Four or five years ago I had an unusually painful experience with one of my publishers, and decided to write about it for the THES. They eventually published the article, but only after it had been ‘lawyered’ almost to death. So, now that I have my own blogsite, I thought I’d recycle it in its original form. I doubt whether the publishers – Continuum – will bother to sue this very insignificant site; and in any case they no longer exist, having been taken over shortly afterwards by Bloomsbury, who are a different kettle of literary fish. So are the publishers I’ve had since then – mainly IB Tauris – whom I’m very happy with. My criticisms of Continuum don’t necessarily apply to them. So here it is. It may serve as a warning and a guide to young academics anxious to get into print.
Here is my notion of the ideal academic publisher. He, or she – more likely the latter, these days – reads your book, or at least enough of it to be able to discuss it intelligently with you. She sends your proposal out to (paid) peer reviewers, and then, whether she accepts it or nor, feeds their comments back to you. She may give you advice of her own about the form the book should take, based on her knowledge of the academic market, as retailed to her by commissioning editors who have been out and about, scouring that market. She may also take you out for lunch. When you deliver the final manuscript (or file), she has it expertly read again, and passes more comments on to you. Academic authors need this; it’s often a lonely business writing books, and hard to be confident that you have yours right. You sign a contract, which you have had some input into first. You get an ‘advance’ on royalties – however small: for yours is only an academic book, after all. Then your publisher advises you about such matters as illustrations, if there are any, helping you to prepare them; and permissions and copyright, which of course she or her experts will be far more knowledgeable about than you. She will then get the book edited, either in-house or by independent editors: not only for spelling, grammar, consistency and ‘house style’, but also to spot inclarities and repetitions – always the most difficult things for an author to see – and, if you are lucky, to check facts. Obviously, the results of this – typically several pages of comments – are sent on to you.
The two of you discuss publicity, possibly with her marketing manager physically present, to which you, of course, will be able to contribute valuably, from your knowledge of the people, journals, societies and professional bodies who are most likely to take up the book: the key target audiences, in other words. The publisher, or her staff, will have contacts with general newspaper review editors and people in the non-print media, which will help. (‘I was talking with John Humphries the other day…’) During the long process of preparation and production she will keep in touch with you about developments, without your asking (because you won’t know what the developments are), and in general make you feel that the baby is still yours, even though you’ve passed it into nurse’s hands. If there’s to be a ‘launch’ (christening?), the publisher will suggest and arrange it. At the end of the day you can feel jointly proud of the bright young book that has emerged from this; and which it goes without saying she will have sent you the first copy of, hot from the press. She knows how you long to put it to your breast! That’s how academic book-birth ought to be.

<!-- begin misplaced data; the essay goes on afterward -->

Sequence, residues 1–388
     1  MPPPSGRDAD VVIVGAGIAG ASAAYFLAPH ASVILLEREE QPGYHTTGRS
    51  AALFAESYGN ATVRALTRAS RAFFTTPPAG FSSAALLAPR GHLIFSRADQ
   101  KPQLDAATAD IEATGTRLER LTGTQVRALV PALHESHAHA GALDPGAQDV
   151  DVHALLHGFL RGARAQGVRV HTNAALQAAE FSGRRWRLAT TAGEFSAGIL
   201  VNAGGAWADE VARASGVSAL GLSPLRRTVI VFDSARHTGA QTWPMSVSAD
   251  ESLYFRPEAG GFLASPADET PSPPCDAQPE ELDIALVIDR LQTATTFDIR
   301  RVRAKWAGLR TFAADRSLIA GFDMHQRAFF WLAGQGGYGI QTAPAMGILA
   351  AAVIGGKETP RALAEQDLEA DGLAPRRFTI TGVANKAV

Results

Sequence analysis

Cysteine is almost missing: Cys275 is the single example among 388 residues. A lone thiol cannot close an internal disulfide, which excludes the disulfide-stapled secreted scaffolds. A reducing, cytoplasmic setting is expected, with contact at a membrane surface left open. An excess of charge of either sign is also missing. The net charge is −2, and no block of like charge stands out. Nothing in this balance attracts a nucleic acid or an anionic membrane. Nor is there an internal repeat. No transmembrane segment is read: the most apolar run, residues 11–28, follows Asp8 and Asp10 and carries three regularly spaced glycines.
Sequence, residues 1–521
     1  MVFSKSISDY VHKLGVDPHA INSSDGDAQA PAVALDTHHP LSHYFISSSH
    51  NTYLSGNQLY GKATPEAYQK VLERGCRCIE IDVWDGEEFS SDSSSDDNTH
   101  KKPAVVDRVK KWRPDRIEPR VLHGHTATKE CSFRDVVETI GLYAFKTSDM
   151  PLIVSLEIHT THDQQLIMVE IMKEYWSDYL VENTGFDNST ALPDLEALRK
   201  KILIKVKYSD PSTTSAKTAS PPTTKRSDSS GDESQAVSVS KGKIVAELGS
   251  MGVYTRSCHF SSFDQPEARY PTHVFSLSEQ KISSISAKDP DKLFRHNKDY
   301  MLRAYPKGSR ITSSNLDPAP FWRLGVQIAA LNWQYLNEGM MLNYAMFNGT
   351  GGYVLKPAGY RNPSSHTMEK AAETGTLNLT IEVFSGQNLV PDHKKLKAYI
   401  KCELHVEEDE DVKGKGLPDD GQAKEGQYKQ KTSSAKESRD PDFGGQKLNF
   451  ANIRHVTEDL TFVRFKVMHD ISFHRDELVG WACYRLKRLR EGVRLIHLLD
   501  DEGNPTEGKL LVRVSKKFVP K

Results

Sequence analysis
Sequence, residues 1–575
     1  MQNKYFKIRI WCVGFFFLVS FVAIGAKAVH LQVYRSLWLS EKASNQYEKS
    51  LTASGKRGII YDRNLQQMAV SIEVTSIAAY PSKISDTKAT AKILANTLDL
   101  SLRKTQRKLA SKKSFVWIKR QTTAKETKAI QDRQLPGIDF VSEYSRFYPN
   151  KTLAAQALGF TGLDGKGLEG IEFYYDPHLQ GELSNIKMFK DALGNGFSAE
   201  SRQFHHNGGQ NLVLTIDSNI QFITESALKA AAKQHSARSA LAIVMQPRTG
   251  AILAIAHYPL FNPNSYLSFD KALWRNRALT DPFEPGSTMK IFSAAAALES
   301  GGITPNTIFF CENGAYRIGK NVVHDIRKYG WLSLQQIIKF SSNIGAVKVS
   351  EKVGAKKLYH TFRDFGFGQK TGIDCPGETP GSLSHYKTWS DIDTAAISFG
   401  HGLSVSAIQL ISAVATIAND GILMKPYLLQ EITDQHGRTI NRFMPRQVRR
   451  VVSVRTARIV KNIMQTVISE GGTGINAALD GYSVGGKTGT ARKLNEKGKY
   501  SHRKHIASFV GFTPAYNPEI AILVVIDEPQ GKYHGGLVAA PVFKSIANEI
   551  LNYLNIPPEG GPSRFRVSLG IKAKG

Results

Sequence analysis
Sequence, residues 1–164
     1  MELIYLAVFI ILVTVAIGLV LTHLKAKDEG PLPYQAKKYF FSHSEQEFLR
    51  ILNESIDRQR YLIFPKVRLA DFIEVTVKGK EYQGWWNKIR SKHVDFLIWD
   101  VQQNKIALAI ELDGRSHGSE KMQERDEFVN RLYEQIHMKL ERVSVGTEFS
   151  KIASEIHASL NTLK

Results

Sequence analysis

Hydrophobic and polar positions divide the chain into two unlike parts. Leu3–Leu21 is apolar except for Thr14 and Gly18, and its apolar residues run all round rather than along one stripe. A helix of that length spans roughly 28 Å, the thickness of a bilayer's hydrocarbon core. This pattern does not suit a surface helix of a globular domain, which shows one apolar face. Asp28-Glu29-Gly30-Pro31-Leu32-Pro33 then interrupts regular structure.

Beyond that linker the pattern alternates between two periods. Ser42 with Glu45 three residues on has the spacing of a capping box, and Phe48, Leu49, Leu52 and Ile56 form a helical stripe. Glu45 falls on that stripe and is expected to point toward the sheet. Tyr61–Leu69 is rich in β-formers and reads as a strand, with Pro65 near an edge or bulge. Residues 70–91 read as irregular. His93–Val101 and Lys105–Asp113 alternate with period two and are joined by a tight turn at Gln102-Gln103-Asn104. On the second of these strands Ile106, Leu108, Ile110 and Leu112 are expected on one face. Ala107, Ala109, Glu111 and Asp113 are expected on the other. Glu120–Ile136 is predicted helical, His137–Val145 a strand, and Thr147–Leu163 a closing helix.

I call it an ideal; but in fact this has been my experience of academic publishers for over forty years now, since my own first book came out under the Macmillan imprint in 1968. Publishing has changed in many ways since then: Macmillan no longer survives under that name, for example; but every publisher I have worked with since then (bar one) has closely conformed to this model. They are a wonderful species. But I’m now beginning to wonder whether they might not be an endangered one.
One hears alarming stories: of publishers struggling, even the entire print media’s struggling, in the face of electronic publishing, digital scanning, Kindle, and so on. Standards are falling. Advances are shrinking. One academic author of my acquaintance is being asked to pay A$ 4,000 to have her own book copy-edited. My own most recent experience of an academic publisher doesn’t quite mirror that. They didn’t have my book edited at all, in the sense described above. Nor did they send it out for peer review, either as a proposal or as a completed manuscript. Maybe they trusted to my reputation, which I suppose was flattering, but is not sufficient (another of my publishers has sent out a proposal for a fifth edition to readers); and took no account of the fact that this book was on a subject outside my normal area of expertise. They probably didn’t read it – showed no sign of it, in any case. They declined any help over illustrations, copyright, and ‘permissions’. When I requested a small advance to cover the unexpected cost of illustrations, they refused me – though that is the least of my complaints. They never wrote to keep me in touch about the progress of the book, even when they made substantial alterations to the form of it, and decided to change the publication date – with the result that I booked the wrong flight back to the UK. They took not a blind bit of notice of any of the valuable suggestions I made about review copies, publicity, and so on; and when I asked (after publication) what had become of the idea I had passed on to them earlier from the Foreign Office for a launch there (the book is about the building), calmly told me that this sort of thing was up to authors to arrange. They didn’t send me my first copy of the book until some time after they had stocked Amazon. It goes without saying that they never bought me lunch. Throughout the whole process I was made to feel that I no longer had any interest in the book. It was now theirs. Marx would have called this ‘capitalist alienation’.